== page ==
The Salisbury tablets are all or nearly all from Sippar, the most famous Babylonian seat of the worship of the sun god. Those tablets whose dates are presented are from the reigns of Nabopolassar, Nebuchadnezzar, Nergalsharezer and Nabonidas. All the others perhaps belong to the ame period. Among the subjects treated are records of the loan of money, tithes and taxes, and offerings to the gods. The great Sippar temple seems to have carried on a large system of lending. One of the tablets exhibited still has the finger prints of the writer. One was a list of families, perhaps slave families. One beautifully written large fragment was a list of the names of men, it may be tax payers.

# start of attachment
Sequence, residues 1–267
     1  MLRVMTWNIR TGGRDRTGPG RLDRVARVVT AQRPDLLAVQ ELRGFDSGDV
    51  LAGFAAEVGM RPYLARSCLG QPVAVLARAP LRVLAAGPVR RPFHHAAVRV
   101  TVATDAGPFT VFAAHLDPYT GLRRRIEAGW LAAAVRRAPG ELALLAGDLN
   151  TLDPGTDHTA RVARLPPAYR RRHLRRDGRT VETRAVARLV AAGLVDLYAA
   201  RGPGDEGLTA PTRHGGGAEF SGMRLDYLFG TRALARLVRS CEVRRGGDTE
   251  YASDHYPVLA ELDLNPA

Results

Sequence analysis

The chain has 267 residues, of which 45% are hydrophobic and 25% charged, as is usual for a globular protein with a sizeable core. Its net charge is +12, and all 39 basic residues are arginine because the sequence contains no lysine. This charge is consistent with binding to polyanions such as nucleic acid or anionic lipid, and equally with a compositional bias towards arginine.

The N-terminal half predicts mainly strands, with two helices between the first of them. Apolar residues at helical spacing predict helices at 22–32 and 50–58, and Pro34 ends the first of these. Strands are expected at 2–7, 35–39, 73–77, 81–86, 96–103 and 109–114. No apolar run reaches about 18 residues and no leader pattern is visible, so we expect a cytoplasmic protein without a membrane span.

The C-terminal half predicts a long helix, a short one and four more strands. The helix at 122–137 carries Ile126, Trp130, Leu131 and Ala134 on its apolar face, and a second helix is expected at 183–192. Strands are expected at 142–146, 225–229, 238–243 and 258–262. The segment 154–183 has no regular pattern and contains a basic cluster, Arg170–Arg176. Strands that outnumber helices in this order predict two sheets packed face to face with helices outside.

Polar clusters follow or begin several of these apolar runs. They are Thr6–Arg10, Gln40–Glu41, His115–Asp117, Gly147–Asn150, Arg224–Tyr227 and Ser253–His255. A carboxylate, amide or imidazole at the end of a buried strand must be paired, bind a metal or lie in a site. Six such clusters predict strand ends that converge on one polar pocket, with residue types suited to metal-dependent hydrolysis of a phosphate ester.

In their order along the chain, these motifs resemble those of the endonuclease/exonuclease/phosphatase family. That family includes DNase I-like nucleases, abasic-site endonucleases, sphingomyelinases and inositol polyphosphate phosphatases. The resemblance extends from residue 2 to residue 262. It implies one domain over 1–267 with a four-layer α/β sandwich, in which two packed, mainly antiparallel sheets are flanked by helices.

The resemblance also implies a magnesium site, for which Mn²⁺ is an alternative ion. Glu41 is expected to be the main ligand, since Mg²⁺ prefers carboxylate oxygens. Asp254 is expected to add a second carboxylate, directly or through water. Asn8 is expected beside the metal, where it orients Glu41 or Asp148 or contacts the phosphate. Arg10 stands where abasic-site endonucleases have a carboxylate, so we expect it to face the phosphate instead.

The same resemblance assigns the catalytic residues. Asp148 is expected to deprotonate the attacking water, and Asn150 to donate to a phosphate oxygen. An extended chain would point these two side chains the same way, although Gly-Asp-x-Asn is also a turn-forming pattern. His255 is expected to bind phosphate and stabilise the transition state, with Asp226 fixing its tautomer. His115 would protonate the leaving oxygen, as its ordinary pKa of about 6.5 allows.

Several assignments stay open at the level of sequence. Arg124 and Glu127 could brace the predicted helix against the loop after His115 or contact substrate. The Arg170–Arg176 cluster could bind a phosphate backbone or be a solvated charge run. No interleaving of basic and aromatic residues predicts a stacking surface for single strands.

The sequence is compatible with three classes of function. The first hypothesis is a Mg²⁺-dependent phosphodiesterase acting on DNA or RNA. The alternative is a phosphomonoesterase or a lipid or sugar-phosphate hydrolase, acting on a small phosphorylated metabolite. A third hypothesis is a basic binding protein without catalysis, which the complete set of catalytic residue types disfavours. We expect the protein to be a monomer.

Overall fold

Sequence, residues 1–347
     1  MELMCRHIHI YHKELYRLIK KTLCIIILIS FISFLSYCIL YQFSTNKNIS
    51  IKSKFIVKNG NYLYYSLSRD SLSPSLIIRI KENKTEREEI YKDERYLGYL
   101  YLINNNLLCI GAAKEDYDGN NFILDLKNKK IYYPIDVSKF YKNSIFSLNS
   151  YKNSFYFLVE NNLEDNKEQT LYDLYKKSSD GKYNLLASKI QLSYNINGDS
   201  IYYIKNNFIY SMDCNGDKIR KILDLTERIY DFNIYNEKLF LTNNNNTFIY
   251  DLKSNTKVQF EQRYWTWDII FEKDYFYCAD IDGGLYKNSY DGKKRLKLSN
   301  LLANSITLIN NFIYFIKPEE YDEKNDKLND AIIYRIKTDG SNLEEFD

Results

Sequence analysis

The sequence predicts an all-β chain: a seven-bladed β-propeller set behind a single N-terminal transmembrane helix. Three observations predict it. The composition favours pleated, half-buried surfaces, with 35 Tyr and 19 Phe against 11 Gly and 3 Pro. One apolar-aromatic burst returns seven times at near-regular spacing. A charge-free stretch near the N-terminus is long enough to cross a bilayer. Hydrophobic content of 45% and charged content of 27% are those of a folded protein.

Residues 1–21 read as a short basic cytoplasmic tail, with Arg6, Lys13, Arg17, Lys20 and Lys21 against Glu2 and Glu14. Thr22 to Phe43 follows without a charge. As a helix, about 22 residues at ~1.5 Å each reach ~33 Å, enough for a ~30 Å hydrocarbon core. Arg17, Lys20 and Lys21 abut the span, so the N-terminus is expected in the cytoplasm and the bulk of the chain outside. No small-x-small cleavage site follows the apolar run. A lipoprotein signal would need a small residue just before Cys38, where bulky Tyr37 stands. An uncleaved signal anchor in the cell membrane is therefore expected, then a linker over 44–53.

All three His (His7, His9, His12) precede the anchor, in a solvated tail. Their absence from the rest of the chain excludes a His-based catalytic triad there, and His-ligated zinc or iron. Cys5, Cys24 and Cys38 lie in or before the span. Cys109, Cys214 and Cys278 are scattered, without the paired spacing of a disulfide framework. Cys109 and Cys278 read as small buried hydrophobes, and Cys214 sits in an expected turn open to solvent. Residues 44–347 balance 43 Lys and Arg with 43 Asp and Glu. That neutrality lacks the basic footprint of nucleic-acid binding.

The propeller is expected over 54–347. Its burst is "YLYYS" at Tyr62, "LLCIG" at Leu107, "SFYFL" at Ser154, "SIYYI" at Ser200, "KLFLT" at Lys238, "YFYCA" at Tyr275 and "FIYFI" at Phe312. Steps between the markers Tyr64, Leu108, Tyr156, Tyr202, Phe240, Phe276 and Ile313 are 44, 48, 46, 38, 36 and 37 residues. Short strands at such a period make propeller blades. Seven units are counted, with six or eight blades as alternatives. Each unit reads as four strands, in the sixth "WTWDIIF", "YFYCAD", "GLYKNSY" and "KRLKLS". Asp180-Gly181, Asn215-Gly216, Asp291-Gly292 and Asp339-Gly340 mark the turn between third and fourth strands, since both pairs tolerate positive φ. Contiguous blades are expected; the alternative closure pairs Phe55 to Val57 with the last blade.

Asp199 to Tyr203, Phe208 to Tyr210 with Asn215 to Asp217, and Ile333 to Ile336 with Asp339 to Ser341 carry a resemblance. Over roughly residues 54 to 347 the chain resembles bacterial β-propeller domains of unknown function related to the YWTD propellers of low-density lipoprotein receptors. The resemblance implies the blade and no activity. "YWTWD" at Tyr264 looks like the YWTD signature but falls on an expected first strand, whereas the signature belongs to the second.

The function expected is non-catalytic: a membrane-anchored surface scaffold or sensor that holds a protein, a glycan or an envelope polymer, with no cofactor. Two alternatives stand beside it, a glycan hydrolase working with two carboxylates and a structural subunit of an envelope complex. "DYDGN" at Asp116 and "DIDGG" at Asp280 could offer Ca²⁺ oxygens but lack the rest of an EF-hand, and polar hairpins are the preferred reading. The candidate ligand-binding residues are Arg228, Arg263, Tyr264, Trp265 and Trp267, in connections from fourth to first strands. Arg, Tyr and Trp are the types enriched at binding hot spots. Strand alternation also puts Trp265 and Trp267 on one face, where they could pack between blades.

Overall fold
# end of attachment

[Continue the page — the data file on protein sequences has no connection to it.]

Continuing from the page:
The University now possesses three collections of these documents relating to Babylonian private and social life, one of purchase, one the gift of Mr. E. L. Mason and the Salisbnry collection. A new collection is on its way from London, It is to be hoped that the friends of the University may make it possible for us to secure many such. Harvard ought to be a prominent center for the remains of the mighty Semitic civilization.